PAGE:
In this study, we examined whether dauer pheromone and GPA-3 regulate IFT. Electron microscopy and fluorescence microscopy of GFP-labeled cilia revealed that the cilia of gpa-3QL animals are shorter, but cilia length in gpa-3(lf) animals was only slightly affected. Live imaging of IFT proteins fused with GFP showed uncoupling of the two kinesins in gpa-3QL and gpa-3(lf) animals and in larvae exposed to dauer pheromone. However, structural IFT particle proteins moved at speeds intermediate to the two kinesins. Our results show that an environmental cue, probably mediated by GPA-3, modulates the coordination of the two IFT kinesins. We propose that this mechanism allows the regulation of cilia length or the localization of proteins in specific ciliary subdomains.
gpa-3QL affects cilia morphology
Zwaal et al. (Zwaal et al., 1997) have shown that animals that carry a dominant active mutation of gpa-3, gpa-3QL(syIs24) and syIs25, are dye-filling defective. To study the cilia morphology of gpa-3QL animals, we examined cross sections of the amphid channel cilia of wild-type, gpa-3(lf) and gpa-3QL animals, using electron microscopy (EM; Fig. 1). The cilia of wild-type animals looked as previously described (Fig. 1B-D) (Perkins et al., 1986; Ward et al., 1975) and we observed no defects in the cilia of gpa-3(lf) animals (results not shown). gpa-3QL animals exhibited a variety of morphological defects in the cilia (Fig. 1E-G; supplementary material Fig. S1). In the distal segments we could distinguish four or five cilia (instead of ten in wild-type animals). These distal segments contained much electron-dense material and some had smaller diameters. Only few microtubules could be discerned, perhaps because of the presence of the electron-dense material (Fig. 1E; supplementary material Fig. S1). Further proximally, at the beginning of the middle segments, more cilia could be seen (five to nine), some of which had smaller diameters and contained only few microtubules (Fig. 1F; supplementary material Fig. S1). Closer to the transition zone ten cilia could be distinguished, some of which had smaller diameters (Fig. 1G; supplementary material Fig. S1). Similar defects were observed in the amphid channel cilia of four gpa-3QL animals (supplementary material Fig. S1). In one of these animals the socket cell surrounding the cilia distal segments seemed more electron dense. The significance of this observation is not clear.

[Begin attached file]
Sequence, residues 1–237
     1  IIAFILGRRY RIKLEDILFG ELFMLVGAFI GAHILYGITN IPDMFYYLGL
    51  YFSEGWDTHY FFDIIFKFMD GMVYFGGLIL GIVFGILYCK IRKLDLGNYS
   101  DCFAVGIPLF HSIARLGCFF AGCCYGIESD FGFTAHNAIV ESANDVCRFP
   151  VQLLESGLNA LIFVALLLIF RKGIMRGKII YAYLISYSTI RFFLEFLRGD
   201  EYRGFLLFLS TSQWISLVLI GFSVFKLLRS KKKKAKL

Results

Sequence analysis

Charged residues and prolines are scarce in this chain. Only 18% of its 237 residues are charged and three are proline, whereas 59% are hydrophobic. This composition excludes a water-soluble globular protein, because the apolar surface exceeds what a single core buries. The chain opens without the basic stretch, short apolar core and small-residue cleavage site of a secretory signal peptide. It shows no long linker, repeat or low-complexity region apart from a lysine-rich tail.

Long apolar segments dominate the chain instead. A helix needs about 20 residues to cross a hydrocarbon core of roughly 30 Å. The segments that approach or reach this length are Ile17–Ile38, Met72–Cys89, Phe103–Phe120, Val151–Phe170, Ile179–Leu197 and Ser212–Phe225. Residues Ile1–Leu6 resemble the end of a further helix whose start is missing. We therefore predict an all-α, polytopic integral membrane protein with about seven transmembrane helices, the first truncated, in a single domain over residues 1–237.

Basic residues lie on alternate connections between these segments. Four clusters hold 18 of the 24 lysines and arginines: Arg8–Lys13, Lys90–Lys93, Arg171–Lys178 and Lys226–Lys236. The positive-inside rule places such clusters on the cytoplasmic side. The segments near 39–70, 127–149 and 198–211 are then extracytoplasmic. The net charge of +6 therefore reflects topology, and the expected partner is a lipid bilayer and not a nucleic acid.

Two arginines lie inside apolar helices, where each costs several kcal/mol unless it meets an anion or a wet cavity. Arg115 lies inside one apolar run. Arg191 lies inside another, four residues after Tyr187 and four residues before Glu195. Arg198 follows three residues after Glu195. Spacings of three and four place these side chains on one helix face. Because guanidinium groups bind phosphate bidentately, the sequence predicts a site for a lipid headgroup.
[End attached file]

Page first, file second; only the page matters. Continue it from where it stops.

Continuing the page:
The EM analysis suggests that the amphid channel cilia of gpa-3QL animals are shorter and/or posteriorly displaced, although not all cilia are affected. To determine which cilia were affected, GFP was expressed in several amphid sensory neurons, using promoters that drive expression in a single or a restricted set of cells. Four constructs were transcriptional fusions: pgpa-4::gfp [drives GFP expression in the ASI neurons (Jansen et al., 1999)], pflp-6::gfp [in ASE (Li et al., 1999)], pops-1::gfp [in ASG (Sagasti et al., 1999)] and psrh-142::gfp [in ADF (Sarafi-Reinach and Sengupta, 2000)]. In these cases GFP enters the cilia and probably localizes to the lumen. In addition, the cilia of the ASI neurons and of ASH, ASK and ADL were visualized using translational fusions, pgpa-4::gpa-4::gfp and pgpa-15::gpa-15::gfp, respectively, in which GFP is fused in frame to the first 46 or 40 N-terminal amino acids of the heterotrimeric Gα proteins GPA-4 or GPA-15 (Jansen et al., 1999). Since the N-terminal amino acids of Gα proteins are required for their localization at the membrane, we expect these GFP fusions to localize at the ciliary membrane. Finally, we used a pgpa-4::tbb-4::mCherry construct to visualize the axoneme of the ASI cilia using a translational fusion between full length tbb-4 and mCherry. tbb-4 encodes a β-tubulin, which is part of the middle and distal segments of sensory cilia of C. elegans, but not the transition zone (Bae et al., 2006).